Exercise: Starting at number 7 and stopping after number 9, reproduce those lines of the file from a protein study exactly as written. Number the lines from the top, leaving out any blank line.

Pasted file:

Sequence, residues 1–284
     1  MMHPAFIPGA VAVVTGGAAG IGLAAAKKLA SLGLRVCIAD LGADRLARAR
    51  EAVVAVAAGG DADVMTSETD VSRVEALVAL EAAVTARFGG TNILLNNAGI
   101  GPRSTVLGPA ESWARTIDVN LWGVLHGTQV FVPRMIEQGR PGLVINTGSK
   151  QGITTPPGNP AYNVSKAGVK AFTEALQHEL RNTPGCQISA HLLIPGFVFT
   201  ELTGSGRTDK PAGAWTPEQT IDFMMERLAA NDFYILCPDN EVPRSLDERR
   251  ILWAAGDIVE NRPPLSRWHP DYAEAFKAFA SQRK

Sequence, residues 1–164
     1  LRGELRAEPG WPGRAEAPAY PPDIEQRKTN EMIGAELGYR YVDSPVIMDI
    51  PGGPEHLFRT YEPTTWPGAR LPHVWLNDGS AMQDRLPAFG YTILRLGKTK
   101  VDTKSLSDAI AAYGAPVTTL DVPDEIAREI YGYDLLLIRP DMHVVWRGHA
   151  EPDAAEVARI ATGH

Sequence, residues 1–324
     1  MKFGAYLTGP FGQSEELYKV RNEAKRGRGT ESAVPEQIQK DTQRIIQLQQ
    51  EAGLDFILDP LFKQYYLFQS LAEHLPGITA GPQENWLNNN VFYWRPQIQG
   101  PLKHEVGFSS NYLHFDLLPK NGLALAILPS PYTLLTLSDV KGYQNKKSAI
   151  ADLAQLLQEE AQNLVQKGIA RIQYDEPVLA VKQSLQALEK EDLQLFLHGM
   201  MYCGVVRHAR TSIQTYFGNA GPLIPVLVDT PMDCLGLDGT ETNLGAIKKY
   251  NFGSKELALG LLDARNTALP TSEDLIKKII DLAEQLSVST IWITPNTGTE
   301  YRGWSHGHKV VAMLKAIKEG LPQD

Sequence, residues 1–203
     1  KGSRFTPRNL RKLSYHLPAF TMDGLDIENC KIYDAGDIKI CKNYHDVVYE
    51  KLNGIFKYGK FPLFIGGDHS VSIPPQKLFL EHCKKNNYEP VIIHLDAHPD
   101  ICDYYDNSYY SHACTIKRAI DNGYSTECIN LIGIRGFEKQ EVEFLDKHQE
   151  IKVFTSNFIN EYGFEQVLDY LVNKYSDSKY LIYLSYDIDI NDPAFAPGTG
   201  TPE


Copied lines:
   251  ILWAAGDIVE NRPPLSRWHP DYAEAFKAFA SQRK

Sequence, residues 1–164
     1  LRGELRAEPG WPGRAEAPAY PPDIEQRKTN EMIGAELGYR YVDSPVIMDI